Bits and Bytes: Liberty Edition

One day away from kickoff – and thus it's time for our pre-game confabulation of informational tidbits and observations. for our pre-game confabulation of informational tidbits and observations. Game Scorecard
Sat 9/5/09 12:00 PM

Morgantown, WV

Mountaineer Field
Record: 0-0
Last Game
North Carolina W 31-30
TV: BE Local
Radio: Sirius, MSN
Record: 0-0
Last Game
Elon W 26-3
Rosters/ Bios
Press Release
Season Stats
2009 Schedule

Series: First Meeting
First Meeting: N/A
Last Meeting: N/A
Press Release
Season Stats
2009 Schedule

Click for Morgantown, West Virginia Forecast


Liberty offensive coordinator Brandon Streeter has a somewhat nebulous connection to West Virginia's football program. What is it? Answer at the end of this column.


The Flames start the season just outside two major FCS Top 25 polls. Liberty stands 27th in both the Coaches Poll and the Sports Network poll. The question is, how far does that put them, in terms of talent and performance, from the top of the class? West Virginia has seen teams from Villanova (fifth), James Madison (sixth) and Wofford (tenth) in previous years, and knows that those teams are not to be taken lightly. (So does Marshall, which dropped a game to New Hampshire (eight) last year, and Michigan, which took a collar from Appalachian State (first) in 2007.) Is the 27th-ranked team that far away in terms of talent, or is there a major drop-off somewhere along the line?


One of the common assumptions about this game, and one that we've seen from Mountaineer fans everywhere from Twitter to message boards, is that Liberty is physically small. Presumably that assumption is because it's an FCS school. Certainly, it's wrong. Liberty's veteran offensive front runs 285, 300, 270, 310 and 285 pounds, and its defensive trench group checks in at 285, 377 and 280. Three of the four linebackers weigh in at 225, 230 and 230 respectively. That's not small.


In this week's edition of the irresistible force meeting the immovable object, we have the turnover battle. Over the past eight seasons, WVU has force a whopping 236 turnovers, ranking the Mountaineers fourth in the nation over that time frame. Conversely, the Flames have been fanatical about protecting the ball, averaging a top twenty finish in turnover margin the past three seasons and giving the ball up just 15 times in 2008. Which will prove the stronger in 2009?


Noel Devine has put up several impressive stats during his two-year West Virginia career, but the most eye-catching to date might be his career average of 6.9 yards per carry. While he can't be expected to keep up such a pace (or can he?), might he have a shot at breaking West Virginia's career record in that area, currently held by Bob Moss at 7.8 yards per tote. That would be an incredible achievement. It will be interesting to see how, or if, that number fluctuates this season, and how Devine's workload might affect it. Of course, that's all secondary to winning games.


The so-called worldwide leader is famous for beating stories into the ground and spreading hype thicker than Kirk Herbstreit's GameDay makeup, but it also can't seem to get its thinking straight.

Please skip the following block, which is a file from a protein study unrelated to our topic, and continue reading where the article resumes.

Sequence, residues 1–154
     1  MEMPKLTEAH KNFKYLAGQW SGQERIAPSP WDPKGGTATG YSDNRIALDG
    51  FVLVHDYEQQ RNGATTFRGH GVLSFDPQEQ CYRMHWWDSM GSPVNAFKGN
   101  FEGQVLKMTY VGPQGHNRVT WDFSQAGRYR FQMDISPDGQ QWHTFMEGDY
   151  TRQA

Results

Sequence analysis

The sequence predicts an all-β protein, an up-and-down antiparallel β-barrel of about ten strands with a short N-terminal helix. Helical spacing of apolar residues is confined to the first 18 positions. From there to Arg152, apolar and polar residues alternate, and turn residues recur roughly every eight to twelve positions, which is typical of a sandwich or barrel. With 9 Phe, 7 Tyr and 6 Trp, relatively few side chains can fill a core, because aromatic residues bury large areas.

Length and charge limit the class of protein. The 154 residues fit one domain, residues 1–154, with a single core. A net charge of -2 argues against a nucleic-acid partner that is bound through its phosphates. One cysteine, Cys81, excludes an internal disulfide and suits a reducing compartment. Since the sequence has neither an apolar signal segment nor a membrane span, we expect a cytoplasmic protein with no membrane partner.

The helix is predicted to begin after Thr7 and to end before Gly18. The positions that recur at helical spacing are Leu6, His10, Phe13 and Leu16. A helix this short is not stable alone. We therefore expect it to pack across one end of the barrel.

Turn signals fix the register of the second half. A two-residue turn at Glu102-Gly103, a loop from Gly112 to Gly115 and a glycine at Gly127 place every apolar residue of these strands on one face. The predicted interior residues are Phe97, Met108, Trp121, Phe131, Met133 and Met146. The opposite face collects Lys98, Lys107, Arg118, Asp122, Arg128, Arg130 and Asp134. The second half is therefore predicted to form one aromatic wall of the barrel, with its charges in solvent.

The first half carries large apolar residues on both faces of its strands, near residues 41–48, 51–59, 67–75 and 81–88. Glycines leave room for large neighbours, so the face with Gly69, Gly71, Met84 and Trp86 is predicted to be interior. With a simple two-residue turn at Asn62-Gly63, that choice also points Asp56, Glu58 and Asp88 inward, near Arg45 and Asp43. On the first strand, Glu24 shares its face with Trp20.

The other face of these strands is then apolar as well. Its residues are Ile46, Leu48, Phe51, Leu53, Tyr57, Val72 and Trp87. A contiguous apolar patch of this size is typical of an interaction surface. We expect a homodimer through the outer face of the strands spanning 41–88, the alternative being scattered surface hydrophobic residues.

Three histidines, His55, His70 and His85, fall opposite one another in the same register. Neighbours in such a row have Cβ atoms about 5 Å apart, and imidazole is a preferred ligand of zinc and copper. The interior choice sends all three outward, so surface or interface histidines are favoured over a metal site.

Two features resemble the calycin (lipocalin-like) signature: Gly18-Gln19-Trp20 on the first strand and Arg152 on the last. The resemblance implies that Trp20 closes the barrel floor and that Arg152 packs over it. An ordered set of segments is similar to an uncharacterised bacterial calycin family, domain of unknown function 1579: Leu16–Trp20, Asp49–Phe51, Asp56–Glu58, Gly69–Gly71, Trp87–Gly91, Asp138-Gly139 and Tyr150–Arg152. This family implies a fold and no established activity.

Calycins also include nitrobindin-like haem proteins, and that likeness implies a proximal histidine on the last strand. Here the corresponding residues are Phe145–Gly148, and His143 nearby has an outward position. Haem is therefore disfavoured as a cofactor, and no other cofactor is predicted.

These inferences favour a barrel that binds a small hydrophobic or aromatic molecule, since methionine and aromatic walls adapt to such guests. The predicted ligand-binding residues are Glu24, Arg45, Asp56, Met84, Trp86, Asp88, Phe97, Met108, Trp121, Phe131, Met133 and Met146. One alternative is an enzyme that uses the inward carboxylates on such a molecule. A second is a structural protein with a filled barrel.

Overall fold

More than one college football pundit employed by the network has ripped on teams for scheduling patsies and playing too many of them at home. However, in the latest edition of its magazine, it notes that the Big East's path to cracking the preseason Top 25 should include the scheduling of MORE nonconference home games. The Mag points out that the Big East plays 35% of its out of conference contests on the road – more than any other BCS league. It adds that the Big East's 14 such games top the totals of the SEC, Big 12 and ACC combined. So, remember that the next time an ESPN puppet head starts blathering about toughening up schedules.


That is the question. And it concerns backup quarterback Geno Smith. Should West Virginia play him this year, or try to hold him out and preserve his redshirt? The answer is simple – if he's ready to play, then he should play. The idea of saving a year of eligibility, especially for a backup that might be counted on later this year, and certainly next year, just doesn't wash. Add in the fact that it's quarterback, a position of special circumstances where experience is vital, and it's a dead certainty. When the opportunity arises, get players that are ready to play into the game. And it doesn't have to be a blowout situation, either.


We have no problem with the fact that Liberty and its head coach, Danny Rocco, are coming to West Virginia with the goal of winning the game. That's exactly the attitude any team needs to take. But we're not so sure about the tweets being sent out by LibertyFootball, which is apparently the official voice of the school's football program. In addition to the "Expect To Win" mantra (which, as noted, is fine), one recent tweet proclaimed "PREPARE YOURSELF FOR A GIANTKILLING", while linking to a highlight film prepared especially for the game with a David and Goliath theme.

Again, there's no problem with stuff like that in house. But is it wise to put that sort of thing out in the public domain?And isn't that rather strong smack talk coming from an official school entity? Just asking.


Streeter was a record-setting Clemson quarterback during his playing career, which ran from 1997-99. He paired with Woody Dantzler during the latter two seasons to form a potent combination for the Tigers. The connection? Streeter and Dantzler were coached by none other than embattled former Mountaineer coach Rich Rodriguez, who served as Clemson's offensive coordinator in 1999 and 2000.

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